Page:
Sometime later when the code needs to be changed, the small test will be a distraction. A false positive. Delete it now to improve productivity. A few small tests (over some very important logic) are fine, but too many small unit tests become noise and hide the large useful unit tests.
Small tests are harder to name
Naming a large unit test (remember large means the amount of code coverage, not the count of lines in the test) are easier to name as the path through the code base is more high level. More concrete. Small tests, however, focus more on the details and are less low level. They are testing a tiny piece that now requires a precise name, for a code piece that is not clear what it does when considered outside of the context of the large function eg
A worked example
It’s time for an example to make this all a little more concrete. As already stated we have our pure function that converts an HTTP response into a list of notes for our notes app.
Our first test might be the happy path:
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In the code above NUnit is used. A class is defined to hold the tests. A library, FsUnit is also used for assertions. A method is defined, that takes advantage of F#’s naming feature so the name of the method can contain spaces. The test then creates the input data and calls the function under test with that data. Finally, the test pattern matches on the result (since the function defines that it could fail). If the response is an error the tests fail (by throwing an appropriate message). If the parse succeeds, the test then checks the objects are correct which is easy with F#’s record types as they implement equality on all fields for us.
The above test is not very long but tests quite a lot of our application. First shows the dev reading the test what the raw expected JSON should be. This is very helpful, as it clearly defines how any parsing logic should work. It’s also useful if the backend is not using the exact same tech stack, and they need to see exactly what the output should be. Finally, it makes it easy to upgrade or change the parsing library, as this will check that the behaviour has not changed. The response object requires all fields to be defined so this makes it clear when to expect success or failure.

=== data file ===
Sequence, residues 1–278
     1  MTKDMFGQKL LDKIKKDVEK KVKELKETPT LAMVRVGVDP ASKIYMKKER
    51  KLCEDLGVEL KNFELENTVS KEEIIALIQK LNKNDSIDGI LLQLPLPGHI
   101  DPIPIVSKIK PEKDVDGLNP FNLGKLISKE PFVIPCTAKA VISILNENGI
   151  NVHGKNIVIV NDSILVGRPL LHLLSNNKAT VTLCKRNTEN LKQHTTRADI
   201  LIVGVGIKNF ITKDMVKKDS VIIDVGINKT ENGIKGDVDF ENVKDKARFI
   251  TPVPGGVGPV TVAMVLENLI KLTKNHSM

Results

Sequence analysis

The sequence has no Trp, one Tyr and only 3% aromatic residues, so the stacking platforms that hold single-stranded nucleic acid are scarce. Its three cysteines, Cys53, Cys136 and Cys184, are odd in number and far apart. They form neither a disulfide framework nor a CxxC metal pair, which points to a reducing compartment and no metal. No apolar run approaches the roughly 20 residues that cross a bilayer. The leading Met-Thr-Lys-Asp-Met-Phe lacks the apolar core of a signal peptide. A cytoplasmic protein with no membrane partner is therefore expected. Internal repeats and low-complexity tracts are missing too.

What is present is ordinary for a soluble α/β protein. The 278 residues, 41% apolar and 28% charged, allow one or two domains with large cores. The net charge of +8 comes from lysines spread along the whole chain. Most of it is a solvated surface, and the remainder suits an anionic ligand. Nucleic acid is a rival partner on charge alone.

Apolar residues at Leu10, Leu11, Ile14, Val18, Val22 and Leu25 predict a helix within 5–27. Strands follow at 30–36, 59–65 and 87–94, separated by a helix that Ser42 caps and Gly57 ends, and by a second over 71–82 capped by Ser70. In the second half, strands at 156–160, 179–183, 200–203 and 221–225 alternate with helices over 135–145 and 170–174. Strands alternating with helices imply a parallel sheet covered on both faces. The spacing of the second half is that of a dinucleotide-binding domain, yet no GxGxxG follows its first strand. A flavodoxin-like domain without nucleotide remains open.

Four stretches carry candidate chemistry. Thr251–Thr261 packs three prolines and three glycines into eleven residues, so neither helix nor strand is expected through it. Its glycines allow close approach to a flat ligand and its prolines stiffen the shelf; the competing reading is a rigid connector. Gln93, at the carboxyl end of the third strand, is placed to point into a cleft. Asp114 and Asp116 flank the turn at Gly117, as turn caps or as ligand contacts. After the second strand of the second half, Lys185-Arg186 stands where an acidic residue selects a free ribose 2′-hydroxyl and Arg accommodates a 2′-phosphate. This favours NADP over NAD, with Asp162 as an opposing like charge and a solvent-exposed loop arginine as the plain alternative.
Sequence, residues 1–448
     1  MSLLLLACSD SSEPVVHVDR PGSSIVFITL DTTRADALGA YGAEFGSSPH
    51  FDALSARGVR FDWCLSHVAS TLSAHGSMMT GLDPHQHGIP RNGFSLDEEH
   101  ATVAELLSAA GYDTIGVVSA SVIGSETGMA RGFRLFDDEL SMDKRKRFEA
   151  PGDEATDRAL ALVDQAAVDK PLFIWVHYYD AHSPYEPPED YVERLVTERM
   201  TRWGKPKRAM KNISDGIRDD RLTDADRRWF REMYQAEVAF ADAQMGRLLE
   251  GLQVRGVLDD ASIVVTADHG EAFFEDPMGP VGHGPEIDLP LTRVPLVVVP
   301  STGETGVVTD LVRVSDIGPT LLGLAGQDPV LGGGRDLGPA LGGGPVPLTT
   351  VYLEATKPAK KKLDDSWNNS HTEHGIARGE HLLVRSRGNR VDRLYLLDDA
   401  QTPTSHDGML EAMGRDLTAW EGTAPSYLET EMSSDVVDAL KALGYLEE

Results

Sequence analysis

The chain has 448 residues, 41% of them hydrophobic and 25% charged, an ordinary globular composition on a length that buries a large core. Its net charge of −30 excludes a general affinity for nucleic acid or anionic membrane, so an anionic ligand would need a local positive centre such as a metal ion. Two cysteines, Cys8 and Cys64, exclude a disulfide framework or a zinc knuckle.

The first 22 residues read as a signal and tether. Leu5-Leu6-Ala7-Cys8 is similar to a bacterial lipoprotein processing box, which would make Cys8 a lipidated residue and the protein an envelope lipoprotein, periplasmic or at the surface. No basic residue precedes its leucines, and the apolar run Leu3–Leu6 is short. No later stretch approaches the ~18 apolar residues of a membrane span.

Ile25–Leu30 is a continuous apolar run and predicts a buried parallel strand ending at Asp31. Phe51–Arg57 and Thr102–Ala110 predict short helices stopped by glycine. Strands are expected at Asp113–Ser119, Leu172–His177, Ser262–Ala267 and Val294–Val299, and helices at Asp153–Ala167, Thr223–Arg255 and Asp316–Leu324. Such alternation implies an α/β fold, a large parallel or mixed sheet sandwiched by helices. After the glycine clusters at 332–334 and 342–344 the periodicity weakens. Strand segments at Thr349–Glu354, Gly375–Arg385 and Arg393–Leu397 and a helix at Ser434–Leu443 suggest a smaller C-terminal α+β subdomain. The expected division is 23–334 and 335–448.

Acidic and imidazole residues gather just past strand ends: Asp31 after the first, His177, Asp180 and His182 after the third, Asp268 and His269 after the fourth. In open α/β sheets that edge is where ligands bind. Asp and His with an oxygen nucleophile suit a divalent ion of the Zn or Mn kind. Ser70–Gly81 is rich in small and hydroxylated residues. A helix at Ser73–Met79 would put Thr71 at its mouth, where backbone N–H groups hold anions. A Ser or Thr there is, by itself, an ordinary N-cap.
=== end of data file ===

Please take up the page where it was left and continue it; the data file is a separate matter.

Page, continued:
What remains now is to add a set of tests varying the input with the expected output. These include changing the status-code, the response body and the headers. When all of these tests are added, there is quite a bit of repetition in the tests. A small amount of code clean that up, so the above tests could look as follows:
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For such a small amount of code, there is quite a lot being tested here. This test is very clear about what it is testing too.
Bugs won’t be in the business logic
As can be seen in the example above, it is very easy to create unit tests and assert the code is correct. The code that causes bugs/exceptions (external dependencies) will now be pushed to the edge of the system, for an MVVM solution that could be the view model. The search space is now much smaller when problems do arise, as we know that our business logic and associated libraries are well tested, so the search should begin at the edge; the view models.
This is one of the biggest advantages of creating large tests over pure functions. The internals of the library can be changed without breaking the tests. There are not mocks, so they can’t break. The test is not aware of any internal libraries that may be changed or upgraded (they are an implementation detail).
Finally, because these tests are easy to create, there should be a good leave of code coverage - refactor fearlessly. With confidence in our tests, we can make constant or large changes to the internals of the function knowing that nothing will be broken. This means the code base will remain clean over time and as we all know, clean code is much nicer than bad code.
If you are not familiar with pure functions then learn about those now:
pure functions not interfaces Read up on the full implementation for this post here:
testing parseDomainType with large tests Practice in a small demo app, using a domain that you understand well. These concepts can be hard at first to understand. By starting from a clean slate with a known problem, it is possible to make progress. Happy [type safe] coding